Unfortunately, we live in a society dominated by male opinion and constructs around gender can often be a barrier for women and girls when picking a profession. But Sharma believes that such restrictions shouldn’t exist, and that gender shouldn’t play a role in deciding your future. Instead, it should simply be a case of choosing what you love to do and then carving out your own path in the field.

“That's what I try to do with racing and flying,” she says. “There are a lot more women in aviation today. Recently, I was glad to find out that India currently has the highest number of women pilots in the world.

“But there is a quite a bit of sexism because there are some major airlines in the country that do not recruit women pilots.”

However, despite these social barriers, Sharma believes that women are beginning to grow in confidence and take on more leadership roles.

“Today, I see a great improvement, especially in aviation where we find that there are more and more women taking on the roles of captain, first officer and there’s even an all-female cabin crew.”

Sharma also highlights that female success is often achieved against the odds. So, does she believe that success demands far more from women than their male counterparts?

“I agree that it takes more from a woman mentally and sometimes physically. For example, increasing your physical strength,” says Sharma. “But this motivates me to work extra hard on my fitness.”

She continues: “When I started racing, I would most often be the only girl on the track, and this is one of the few sports in the world that allows men and women to compete on the same platform. Some drivers don’t like losing to a girl, so they would try to hit my car and push me off track. I’d also receive some hateful comments.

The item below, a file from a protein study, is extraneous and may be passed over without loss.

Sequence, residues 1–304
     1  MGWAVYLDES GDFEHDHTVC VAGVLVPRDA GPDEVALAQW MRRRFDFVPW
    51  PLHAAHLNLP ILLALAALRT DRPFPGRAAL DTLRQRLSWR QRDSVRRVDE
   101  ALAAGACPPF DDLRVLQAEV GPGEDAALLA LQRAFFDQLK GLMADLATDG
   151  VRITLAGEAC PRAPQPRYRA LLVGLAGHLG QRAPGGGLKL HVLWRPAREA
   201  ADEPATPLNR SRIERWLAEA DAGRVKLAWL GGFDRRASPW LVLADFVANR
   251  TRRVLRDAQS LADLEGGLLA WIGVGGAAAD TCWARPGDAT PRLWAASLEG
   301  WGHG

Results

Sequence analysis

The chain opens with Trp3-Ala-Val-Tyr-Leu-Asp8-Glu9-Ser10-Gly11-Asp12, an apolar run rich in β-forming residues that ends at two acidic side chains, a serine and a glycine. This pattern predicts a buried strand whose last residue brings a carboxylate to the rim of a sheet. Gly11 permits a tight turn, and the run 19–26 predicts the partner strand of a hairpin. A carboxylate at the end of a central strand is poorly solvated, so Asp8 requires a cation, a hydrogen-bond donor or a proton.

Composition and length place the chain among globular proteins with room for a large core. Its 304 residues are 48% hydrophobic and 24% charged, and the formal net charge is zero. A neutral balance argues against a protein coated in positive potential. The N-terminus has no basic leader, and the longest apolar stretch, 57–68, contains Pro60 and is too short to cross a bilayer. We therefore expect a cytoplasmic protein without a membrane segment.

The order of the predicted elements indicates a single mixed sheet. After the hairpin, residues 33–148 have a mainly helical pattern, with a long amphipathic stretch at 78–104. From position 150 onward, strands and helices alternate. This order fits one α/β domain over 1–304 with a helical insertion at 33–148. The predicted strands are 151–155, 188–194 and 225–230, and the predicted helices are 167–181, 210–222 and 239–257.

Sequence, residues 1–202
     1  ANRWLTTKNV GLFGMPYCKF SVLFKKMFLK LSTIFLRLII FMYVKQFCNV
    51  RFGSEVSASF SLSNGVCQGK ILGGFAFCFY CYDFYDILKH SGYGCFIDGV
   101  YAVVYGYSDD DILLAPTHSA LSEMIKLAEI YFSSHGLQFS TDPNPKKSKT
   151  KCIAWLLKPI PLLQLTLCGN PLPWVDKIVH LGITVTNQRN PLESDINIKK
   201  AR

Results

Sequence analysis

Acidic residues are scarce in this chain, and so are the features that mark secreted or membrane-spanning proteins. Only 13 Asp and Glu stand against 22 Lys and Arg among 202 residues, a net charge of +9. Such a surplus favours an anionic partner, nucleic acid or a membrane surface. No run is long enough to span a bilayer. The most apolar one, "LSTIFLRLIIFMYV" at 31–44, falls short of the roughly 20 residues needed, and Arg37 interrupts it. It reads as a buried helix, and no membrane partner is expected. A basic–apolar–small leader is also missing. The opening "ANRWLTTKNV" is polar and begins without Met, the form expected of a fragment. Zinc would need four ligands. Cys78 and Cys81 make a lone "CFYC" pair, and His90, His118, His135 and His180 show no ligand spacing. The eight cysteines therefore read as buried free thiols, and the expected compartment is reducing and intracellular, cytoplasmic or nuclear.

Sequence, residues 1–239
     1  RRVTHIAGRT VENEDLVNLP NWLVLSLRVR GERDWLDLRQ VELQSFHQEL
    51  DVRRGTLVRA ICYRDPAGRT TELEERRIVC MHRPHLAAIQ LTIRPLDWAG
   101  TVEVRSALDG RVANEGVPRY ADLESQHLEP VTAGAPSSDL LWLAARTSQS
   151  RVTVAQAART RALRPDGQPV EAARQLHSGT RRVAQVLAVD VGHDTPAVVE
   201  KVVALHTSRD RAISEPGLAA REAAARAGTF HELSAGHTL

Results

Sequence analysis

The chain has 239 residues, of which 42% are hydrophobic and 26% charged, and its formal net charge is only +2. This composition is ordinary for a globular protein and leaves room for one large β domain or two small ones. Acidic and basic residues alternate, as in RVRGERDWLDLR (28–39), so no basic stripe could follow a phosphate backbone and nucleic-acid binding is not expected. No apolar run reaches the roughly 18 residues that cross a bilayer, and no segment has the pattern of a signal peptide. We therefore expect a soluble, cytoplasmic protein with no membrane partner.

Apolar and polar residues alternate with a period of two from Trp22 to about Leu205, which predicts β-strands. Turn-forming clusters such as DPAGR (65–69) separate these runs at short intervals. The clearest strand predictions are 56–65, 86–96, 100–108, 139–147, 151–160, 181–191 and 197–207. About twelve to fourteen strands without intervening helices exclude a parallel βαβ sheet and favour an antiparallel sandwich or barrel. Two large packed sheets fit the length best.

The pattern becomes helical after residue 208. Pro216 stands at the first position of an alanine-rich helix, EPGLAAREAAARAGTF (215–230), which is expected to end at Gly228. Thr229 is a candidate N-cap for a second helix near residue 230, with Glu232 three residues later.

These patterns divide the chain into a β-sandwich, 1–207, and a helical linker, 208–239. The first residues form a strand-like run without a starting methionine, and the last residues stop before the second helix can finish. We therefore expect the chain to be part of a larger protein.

“But while my helmet is on, I try to tell myself that I'm not a man or a woman. I'm a racing driver. I also try to have that attitude when I fly.”

 
 

A need for speed

Sharma’s flying experience also helps her to prepare for a race. The international motor racing champion and IndiGo captain reveals that she is inspired by movies such as the 2013 biographical sports film, Rush, which centers on the Hunt–Lauda rivalry between two Formula One drivers, the British James Hunt and the Austrian Niki Lauda during the 1976 Formula 1 motor-racing season. Lauda takes up flying at the end of the movie and reveals that its disciplines helped him in his career as a racing driver.  

“Possessing good knowledge of a machine is essential for a pilot. It’s the same thing that helps me with racing knowledge discipline,” explains Sharma. “You need to know all the rules, ensure that safety comes first and not be reckless on the racetrack. This mindset helped me in racing, where I have to make quick decisions and employ quick reflexes, and it also helped me when it came to flying. Both are similar in the way that there are powerful machines.

“However, they do differ. With flying, you are ensuring that a powerful machine stays within its limits. But in racing, I'm pushing that powerful machine to, and sometimes beyond - sometimes even to the point of smoking up my tires.”

So, does Sharma believe she has a need for speed? 

“I would agree that I might be called a speed demon,” she says. “Before I got into racing and go-karting, I was into cycling, I began with a sport cycle and I would ride really fast on the streets. Speed was just inherent and, somehow, this led me to start racing and flying. The racing came first, and the flying followed. But I love both.”

As an IndiGo pilot, Sharma operates routes to the Middle East, Southeast Asia and Istanbul from India on the Airbus A320. However, she’s also set her sights on getting in the pilot seat of a fighter jet and would also like to become a trainer for the Airbus.

 
 

“I hope to become a trainer,” she says. “I already have a total of approximately 5000 hours, and I need another 500 to become an Airbus trainer. I also hope to race the F3 once the borders reopen. I've already driven the F3 simulator.”

She adds: “I'm also creating some standard videos and performance guides for car companies as well as being involved in a few talks. And, hopefully, I’ll be able to travel more.”

You can follow her racing and flying careers on her Instagram: @snehasharma52